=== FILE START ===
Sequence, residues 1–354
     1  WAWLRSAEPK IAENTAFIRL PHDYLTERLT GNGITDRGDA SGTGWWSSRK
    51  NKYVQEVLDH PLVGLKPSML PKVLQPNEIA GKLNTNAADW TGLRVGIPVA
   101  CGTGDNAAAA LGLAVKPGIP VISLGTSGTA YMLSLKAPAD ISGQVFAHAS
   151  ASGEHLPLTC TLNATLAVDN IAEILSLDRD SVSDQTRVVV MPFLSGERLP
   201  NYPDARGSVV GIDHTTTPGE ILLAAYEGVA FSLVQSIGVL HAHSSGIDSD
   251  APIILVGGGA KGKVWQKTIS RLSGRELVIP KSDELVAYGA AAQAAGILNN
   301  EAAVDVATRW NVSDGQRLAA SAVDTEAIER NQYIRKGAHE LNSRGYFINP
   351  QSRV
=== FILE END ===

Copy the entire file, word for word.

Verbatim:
Sequence, residues 1–354
     1  WAWLRSAEPK IAENTAFIRL PHDYLTERLT GNGITDRGDA SGTGWWSSRK
    51  NKYVQEVLDH PLVGLKPSML PKVLQPNEIA GKLNTNAADW TGLRVGIPVA
   101  CGTGDNAAAA LGLAVKPGIP VISLGTSGTA YMLSLKAPAD ISGQVFAHAS
   151  ASGEHLPLTC TLNATLAVDN IAEILSLDRD SVSDQTRVVV MPFLSGERLP
   201  NYPDARGSVV GIDHTTTPGE ILLAAYEGVA FSLVQSIGVL HAHSSGIDSD
   251  APIILVGGGA KGKVWQKTIS RLSGRELVIP KSDELVAYGA AAQAAGILNN
   301  EAAVDVATRW NVSDGQRLAA SAVDTEAIER NQYIRKGAHE LNSRGYFINP
   351  QSRV